As I often tell people, there seems a totally unpredictable, even random aspect to major American media coverage. Whether a scandal explodes into the public eye or escapes without notice seems difficult to foretell.
Consider the recent example of Dr. Jason Richwine, late of the Heritage Foundation, whose ideological travails became one of Washington’s major scandals-of-the-month over the past week. Googling his exact name now yields half a million web results, and I’d guess that 99% of these are of extremely recent vintage.
As some media commentators have suggested, Richwine himself may be wondering Why Me and Why Now? After all, the racial writings and opinions that provoked so much media fury had never been secretive or disguised; they were always hiding in plain sight.
His Harvard doctoral dissertation asserting the strong connection between race and IQ and suggesting that American immigration policy should be changed to reflect this relationship has been freely available on the Internet for years, as have been video clips of his public pronouncements on the same subject. His articles and columns arguing that Hispanics have unusually high crime rates—mostly written in rebuttal to my own contrary findings—have always been a mouse-click away, and anyone checking would have noticed that these writings had appeared in Alternative Right, a racial nationalist webzine whose ideological orientation has now suddenly been classified as poisonous by the Washington commentariat. Read More…
I just finished chatting about the IRS and AP scandals on the Marc Steiner show with Ari Berman of The Nation, the ACLU’s Gabe Rottman, and for the second half, FDL’s Kevin Gosztola. Podcast forthcoming here.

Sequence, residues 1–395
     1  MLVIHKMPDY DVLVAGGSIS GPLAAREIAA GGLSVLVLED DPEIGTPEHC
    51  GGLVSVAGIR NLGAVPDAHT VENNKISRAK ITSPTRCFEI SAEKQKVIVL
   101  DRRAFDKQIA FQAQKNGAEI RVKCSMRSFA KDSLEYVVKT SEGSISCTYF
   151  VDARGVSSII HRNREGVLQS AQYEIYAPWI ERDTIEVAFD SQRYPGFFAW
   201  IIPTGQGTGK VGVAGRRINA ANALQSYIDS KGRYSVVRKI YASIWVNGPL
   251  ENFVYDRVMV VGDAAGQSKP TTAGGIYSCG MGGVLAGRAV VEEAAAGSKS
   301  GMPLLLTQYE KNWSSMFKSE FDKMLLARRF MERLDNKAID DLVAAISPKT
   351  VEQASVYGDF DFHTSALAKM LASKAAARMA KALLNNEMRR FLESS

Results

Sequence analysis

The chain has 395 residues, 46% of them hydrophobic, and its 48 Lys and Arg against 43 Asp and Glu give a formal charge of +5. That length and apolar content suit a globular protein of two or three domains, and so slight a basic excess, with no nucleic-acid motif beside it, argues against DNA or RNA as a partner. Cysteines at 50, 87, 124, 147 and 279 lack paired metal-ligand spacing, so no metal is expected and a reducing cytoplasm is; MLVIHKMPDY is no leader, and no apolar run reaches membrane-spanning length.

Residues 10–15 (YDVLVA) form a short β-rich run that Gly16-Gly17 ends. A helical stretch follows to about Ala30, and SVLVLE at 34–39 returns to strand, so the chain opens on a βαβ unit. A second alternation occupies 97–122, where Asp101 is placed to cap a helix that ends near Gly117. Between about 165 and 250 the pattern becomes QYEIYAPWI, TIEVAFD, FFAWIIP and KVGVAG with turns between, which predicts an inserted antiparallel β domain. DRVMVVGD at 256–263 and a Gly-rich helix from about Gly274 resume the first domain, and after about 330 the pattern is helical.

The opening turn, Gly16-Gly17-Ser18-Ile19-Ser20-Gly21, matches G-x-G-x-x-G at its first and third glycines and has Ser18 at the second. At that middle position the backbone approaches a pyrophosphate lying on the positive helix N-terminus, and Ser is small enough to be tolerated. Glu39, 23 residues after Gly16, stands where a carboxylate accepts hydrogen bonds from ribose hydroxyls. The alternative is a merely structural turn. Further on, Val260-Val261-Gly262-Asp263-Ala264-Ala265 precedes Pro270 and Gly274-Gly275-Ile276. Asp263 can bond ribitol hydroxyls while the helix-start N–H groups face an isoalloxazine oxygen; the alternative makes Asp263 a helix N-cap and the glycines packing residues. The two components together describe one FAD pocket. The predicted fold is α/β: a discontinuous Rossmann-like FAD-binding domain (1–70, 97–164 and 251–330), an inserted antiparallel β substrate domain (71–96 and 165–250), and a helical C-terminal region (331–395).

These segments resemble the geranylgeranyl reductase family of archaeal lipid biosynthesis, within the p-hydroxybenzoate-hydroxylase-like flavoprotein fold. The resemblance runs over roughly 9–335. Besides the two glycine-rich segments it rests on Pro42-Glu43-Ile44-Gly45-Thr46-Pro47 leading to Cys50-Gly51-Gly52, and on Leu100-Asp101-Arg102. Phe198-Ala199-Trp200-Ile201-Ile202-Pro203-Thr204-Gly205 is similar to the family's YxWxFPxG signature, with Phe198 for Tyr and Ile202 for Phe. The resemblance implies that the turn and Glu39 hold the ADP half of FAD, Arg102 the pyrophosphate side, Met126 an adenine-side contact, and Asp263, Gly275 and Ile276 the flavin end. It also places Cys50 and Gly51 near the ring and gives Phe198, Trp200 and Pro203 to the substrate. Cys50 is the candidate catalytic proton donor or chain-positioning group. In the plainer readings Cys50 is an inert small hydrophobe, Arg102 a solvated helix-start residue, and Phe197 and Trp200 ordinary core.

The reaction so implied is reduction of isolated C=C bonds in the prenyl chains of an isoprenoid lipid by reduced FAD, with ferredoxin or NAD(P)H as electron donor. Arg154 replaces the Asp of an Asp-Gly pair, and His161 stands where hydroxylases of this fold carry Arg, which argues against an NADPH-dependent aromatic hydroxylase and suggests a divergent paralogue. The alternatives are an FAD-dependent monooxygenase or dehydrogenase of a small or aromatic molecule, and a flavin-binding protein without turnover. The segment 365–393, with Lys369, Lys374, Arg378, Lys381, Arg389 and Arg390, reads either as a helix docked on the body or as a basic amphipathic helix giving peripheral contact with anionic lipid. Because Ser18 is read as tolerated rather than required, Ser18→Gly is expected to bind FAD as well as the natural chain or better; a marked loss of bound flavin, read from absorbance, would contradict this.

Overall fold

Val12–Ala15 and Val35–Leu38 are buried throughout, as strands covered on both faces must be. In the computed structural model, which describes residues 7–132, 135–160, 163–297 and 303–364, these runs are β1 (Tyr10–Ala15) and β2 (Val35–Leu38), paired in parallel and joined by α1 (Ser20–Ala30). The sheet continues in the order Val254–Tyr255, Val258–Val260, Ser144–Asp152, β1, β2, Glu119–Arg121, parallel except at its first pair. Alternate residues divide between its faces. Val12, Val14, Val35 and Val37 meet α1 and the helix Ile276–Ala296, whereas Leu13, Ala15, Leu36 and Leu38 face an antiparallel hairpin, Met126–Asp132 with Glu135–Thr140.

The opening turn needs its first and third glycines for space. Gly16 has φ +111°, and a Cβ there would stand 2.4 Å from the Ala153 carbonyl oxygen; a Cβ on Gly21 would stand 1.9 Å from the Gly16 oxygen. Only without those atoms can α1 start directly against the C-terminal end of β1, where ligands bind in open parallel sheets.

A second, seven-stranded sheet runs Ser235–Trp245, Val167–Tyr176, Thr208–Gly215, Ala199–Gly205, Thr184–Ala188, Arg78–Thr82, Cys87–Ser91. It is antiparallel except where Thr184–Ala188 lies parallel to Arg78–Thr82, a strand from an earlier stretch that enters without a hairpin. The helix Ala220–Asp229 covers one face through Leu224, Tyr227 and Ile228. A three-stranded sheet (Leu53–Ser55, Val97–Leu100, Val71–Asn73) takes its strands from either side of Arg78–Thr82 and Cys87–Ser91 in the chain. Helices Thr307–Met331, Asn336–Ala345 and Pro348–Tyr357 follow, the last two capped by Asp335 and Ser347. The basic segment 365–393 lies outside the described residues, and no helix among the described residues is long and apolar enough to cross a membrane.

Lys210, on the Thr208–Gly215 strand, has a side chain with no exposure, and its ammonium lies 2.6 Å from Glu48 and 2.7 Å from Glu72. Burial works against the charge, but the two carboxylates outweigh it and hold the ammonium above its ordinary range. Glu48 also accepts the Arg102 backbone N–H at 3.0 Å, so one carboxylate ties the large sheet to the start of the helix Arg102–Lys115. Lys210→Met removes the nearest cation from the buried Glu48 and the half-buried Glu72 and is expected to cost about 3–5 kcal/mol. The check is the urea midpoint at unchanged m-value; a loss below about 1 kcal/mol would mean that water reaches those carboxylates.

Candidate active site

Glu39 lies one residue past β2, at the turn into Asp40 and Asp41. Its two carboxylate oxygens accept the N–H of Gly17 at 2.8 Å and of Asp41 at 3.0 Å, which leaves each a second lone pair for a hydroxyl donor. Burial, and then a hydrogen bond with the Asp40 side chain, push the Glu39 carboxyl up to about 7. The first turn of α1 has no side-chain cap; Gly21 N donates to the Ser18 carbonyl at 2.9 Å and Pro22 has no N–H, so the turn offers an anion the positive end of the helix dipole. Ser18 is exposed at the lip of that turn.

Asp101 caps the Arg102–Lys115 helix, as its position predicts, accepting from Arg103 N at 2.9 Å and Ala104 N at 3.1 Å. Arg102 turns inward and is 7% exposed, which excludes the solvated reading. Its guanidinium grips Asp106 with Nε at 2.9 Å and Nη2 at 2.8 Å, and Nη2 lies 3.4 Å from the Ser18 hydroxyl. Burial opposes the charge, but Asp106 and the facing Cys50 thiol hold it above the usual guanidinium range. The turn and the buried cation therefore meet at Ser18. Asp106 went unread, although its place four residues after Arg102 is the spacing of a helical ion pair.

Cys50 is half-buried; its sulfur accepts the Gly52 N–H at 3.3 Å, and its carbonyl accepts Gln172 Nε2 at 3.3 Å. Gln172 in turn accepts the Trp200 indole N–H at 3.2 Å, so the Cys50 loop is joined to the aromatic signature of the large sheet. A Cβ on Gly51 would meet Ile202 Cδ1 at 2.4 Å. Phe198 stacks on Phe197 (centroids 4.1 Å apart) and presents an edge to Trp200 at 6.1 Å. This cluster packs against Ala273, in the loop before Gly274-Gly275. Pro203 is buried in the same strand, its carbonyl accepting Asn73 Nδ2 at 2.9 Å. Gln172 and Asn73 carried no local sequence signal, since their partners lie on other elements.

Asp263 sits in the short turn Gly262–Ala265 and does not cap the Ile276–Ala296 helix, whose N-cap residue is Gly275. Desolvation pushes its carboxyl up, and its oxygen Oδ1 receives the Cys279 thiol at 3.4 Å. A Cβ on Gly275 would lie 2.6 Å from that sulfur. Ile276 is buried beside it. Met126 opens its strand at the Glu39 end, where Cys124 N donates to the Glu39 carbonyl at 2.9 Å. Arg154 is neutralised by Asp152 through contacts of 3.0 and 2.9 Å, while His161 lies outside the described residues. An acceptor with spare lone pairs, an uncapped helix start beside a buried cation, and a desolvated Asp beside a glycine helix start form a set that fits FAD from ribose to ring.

We disagreed, obviously, about how the IRS’s discrimination bears on campaign finance reform. I don’t see how the IRS scandal argues for putting even more power in their hands.
But I’d like to return to a finer point about which we disagreed but didn’t really get into. Berman seemed convinced that the discrimination was the result of front-line IRS employees deluged with a glut of new, post-Citizens United filings, that needed to come up with some criteria for sorting through it. This is more or less the argument the IRS itself has made (and somewhat similar to the one officials are making about Benghazi). For his part, Rottman contended that the politics didn’t matter so much as the discriminatory questioning itself. Here are four reasons why it’s hard to believe the IRS wasn’t just coping with an overflow of applications, despite the IG report’s assertion to the contrary.
- The questions themselves — If the IRS employees did not know that 501c4s are not required to disclose their donors when they asked for lists, then they are shockingly incompetent. So why did they want them? Either they intended to embarrass the donors by leaking them, or somewhat more benignly, it was just another question in a litany of unreasonable requests designed to hold up the approval process.
- Democratic calls to crack down on 501c4 groups — These are far from the only ones.
- Behavior and connections of IRS employees — The IRS commissioner knew about the targeting for at least a year and hasn’t reported it. She’s not even the one getting fired, and currently runs the IRS’s Affordable Care Act office. Director of the exemptions unit Lois Lerner’s initial apology contained a number of statements that were untrue, such as the number of organizations targeted and that it was confined to the Cincinnati office. Last night Jon Ward reported a congressional source said that Lerner hasn’t agreed to testify before Congress, is in Montreal, and has hired the same lawyer as Dominique Strauss Kahn.
- Leaks to liberal groups — ProPublica reported Monday that IRS employees leaked the applications of nine conservative groups. The National Organization for Marriage is now accusing the IRS of doing the same with their confidential information